photo & text by nacrowe
i have a funny history with this classic of RUSSIAN literature. CRIME AND PUNISHMENT (RUSSKIY VESTNIK, 1867) by FYODOR DOSTOYEVSKY was the first book i taught as an ENGLISH teacher and it was not by choice. but first i have to back up a bit.
in 2008 i graduated from TEACHERS COLLEGE COLUMBIA UNIVERSITY with a masters in the ENGLISH EDUCATION (and yes, i am aware my blog entries are often suspect in terms of grammar and syntax). at that point there was a hiring freeze across NYC and pretty much nationwide as old teaches were not retiring due to the downturn in the economy. effectively i was not able to find work despite having an IVY LEAGUE degree (not bragging, just stating the obvious) and administrative and peer recommendations from BROOKYLN TECH, a specialized "magnet" high school i student taught at as part of my degree. needless to say it was beyond frustrating and effectively was a good primer for my (brief) teaching degree in general. out of the blue i ended up taking a position at my alma mater in KUWAIT of all places. it didn't go well. maybe at some point i'll write about that experience, but effectively i returned stateside let down and pretty demoralized.
i had interviewed with dozens of NYC schools before taking the KUWAIT gig out of desperation. this included STUYVESANT HIGH SCHOOL, which is essentially the premier public secondary institution in the country. look up their alumni list, its more impressive than most colleges. they called and asked if i was available to cover for a teacher soon to be on maternity leave. of course i was. i came in a few weeks in advance just to meet the other teachers and get a lay of the landscape, when the unthinkable happened. the teacher i was going to cover for had her water break on site. she was on her way to the hospital when i learned i was starting that day. period.
the head of the english department walked me into his office where the class sets of books were to see what was available. i was handed the classic existentialist noveL CRIME AND PUNISHMENT to teach to my SOPHOMORES. easily one of the scariest moments of my life. i read the novel in college and was somewhat familiar with it, but i was walking into a lion's den not fully prepared by definition. teachers have been replaced because they couldn't handle the pressure of teaching to the brightest kids in the city. i will fully admit, some of those kids at 15 had me intellectually at 27. all i could do to compete was be better prepared.
the other teachers told me this was the worst set of circumstances they had ever seen a new teacher come in under with the exception of one teacher. upon hearing this, that teacher interjected saying "nope, CROWE has it worse." her first day of teaching at STUYVESANT? SEPTEMBER 11, 2001. the school is a black from ground zero.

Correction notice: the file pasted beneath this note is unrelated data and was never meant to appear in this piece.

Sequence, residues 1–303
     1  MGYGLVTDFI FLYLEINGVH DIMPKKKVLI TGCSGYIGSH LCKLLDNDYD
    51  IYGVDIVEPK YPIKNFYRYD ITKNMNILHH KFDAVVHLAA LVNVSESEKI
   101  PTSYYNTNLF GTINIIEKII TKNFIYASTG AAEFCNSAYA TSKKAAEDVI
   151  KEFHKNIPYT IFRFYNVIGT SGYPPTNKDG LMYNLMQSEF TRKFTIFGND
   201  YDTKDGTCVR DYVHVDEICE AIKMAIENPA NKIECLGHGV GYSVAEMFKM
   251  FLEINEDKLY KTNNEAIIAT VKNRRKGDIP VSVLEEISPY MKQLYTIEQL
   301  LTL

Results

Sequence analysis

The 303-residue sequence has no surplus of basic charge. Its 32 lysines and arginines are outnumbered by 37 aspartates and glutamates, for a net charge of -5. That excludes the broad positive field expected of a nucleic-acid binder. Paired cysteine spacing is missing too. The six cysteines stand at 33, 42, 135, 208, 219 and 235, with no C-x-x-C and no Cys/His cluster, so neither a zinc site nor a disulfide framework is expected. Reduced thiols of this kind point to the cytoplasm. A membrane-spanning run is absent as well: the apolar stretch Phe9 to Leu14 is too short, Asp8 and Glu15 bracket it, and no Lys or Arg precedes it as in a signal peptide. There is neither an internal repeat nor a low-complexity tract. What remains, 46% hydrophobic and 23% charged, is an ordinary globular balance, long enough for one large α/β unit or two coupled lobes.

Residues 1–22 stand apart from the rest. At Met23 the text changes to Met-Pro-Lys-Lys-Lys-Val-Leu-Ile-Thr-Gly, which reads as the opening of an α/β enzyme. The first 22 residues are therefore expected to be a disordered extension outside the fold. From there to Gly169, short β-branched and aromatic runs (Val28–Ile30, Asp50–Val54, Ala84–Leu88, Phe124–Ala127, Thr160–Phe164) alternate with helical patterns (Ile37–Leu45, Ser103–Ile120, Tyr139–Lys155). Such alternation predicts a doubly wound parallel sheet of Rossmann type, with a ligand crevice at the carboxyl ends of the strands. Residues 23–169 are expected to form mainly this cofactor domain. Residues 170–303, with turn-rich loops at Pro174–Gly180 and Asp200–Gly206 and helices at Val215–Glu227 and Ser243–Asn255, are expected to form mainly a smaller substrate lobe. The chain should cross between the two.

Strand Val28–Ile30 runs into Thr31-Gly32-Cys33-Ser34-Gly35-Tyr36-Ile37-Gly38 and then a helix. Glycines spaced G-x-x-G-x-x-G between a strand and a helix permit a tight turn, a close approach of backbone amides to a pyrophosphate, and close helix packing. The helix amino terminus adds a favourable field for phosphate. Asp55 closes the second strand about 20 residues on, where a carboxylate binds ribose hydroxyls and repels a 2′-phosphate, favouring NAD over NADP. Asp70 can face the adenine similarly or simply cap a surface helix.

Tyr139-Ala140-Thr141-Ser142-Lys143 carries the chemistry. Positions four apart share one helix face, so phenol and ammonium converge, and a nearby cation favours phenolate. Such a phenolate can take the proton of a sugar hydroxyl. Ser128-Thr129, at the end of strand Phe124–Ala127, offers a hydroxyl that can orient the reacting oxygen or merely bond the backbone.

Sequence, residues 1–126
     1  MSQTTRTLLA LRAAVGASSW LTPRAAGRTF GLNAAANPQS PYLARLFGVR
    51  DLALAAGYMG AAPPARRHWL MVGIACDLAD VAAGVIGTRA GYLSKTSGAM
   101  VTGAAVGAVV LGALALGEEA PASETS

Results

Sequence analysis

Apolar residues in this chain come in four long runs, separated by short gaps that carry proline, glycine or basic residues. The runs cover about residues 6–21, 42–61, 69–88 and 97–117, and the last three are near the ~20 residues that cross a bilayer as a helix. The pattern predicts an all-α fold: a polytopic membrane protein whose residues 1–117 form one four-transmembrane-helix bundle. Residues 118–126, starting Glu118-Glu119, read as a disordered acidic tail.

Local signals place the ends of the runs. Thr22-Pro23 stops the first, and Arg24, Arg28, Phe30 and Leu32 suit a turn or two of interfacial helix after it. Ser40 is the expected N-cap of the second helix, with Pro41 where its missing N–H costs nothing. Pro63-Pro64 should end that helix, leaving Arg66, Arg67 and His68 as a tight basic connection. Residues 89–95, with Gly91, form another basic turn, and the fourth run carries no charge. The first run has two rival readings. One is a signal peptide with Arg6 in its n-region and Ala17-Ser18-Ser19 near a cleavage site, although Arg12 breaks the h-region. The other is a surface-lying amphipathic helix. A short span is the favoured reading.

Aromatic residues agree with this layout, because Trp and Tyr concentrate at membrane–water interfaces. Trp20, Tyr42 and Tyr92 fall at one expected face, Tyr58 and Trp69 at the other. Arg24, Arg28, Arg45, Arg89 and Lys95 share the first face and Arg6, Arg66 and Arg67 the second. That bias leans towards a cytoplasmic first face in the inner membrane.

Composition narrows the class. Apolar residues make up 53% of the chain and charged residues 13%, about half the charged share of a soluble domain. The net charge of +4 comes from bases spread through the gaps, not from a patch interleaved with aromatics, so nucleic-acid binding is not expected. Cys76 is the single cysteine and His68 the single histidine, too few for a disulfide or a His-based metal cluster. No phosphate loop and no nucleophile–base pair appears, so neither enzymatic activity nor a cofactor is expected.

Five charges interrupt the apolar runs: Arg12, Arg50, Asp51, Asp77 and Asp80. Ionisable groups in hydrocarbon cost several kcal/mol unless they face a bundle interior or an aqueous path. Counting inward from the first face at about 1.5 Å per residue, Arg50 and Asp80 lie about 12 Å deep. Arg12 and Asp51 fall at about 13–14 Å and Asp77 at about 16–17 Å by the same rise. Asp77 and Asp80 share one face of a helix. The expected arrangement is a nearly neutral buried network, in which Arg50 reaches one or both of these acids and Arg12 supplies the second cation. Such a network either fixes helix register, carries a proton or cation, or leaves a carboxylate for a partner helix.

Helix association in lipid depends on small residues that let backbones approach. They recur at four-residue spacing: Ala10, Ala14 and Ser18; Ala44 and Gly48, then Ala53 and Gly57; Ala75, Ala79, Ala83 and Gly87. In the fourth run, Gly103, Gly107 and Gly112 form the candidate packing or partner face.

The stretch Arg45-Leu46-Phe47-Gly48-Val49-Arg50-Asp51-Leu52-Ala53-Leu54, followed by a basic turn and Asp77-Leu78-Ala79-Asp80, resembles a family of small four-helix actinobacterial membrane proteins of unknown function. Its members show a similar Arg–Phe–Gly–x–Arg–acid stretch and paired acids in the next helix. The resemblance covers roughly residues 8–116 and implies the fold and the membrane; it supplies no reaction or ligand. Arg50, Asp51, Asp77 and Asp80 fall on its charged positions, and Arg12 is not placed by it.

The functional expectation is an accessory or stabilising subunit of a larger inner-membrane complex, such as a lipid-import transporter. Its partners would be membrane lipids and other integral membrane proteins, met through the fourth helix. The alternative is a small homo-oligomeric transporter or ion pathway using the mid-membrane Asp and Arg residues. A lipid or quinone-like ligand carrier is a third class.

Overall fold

so that is my history with the book. i do enjoy it because in essence it is a morality play the intensely religious DOSTOYEVSKY constructed as a way of reassuring himself that religious ideals like purity and devotion could still be viable in a rapidly changing cultural and economic RUSSIAN landscape. he utilizes quite a few inversions whereby characters that should hold a certain level of respect and grace fall way short while those at the bottom of the social ladder are almost saintlike.
probably my biggest takeaway from the novel was its question about the NATURE OF PUNISHMENT, whether being judged by the community via a legal system was worse than how we judge ourselves individually. the legal system in essence stands in for the kingdom of heaven and our own potential absolution from fear, guilt and punishment. to what extent is that absolution a matter of personal choice or circumstance?
because of the deep, introspective nature of this line of questioning which seemingly questioned religious authority by seeking a more personal relationship with the almighty (as opposed to just passive participation in religious ritual), DOSTOYEVSKY and this novel in particular get labeled as early examples of proto-EXISTENTIALISM. but he wasn't rejecting GOD. he was searching for a deeper connection and the questioning of the RUSSIAN ORTHODOX CHURCH was implicit in that search.
funny how they like him now that his ideas along with other 19th century writers like TOLSTOY, GOGOL, and PUSHKIN have lifted RUSSIAN LITERATURE to global recognition. at the time of its inception this novel was effectively heresy.
you don't need me to tell you to check out this novel, but you should. deep down you knew that already.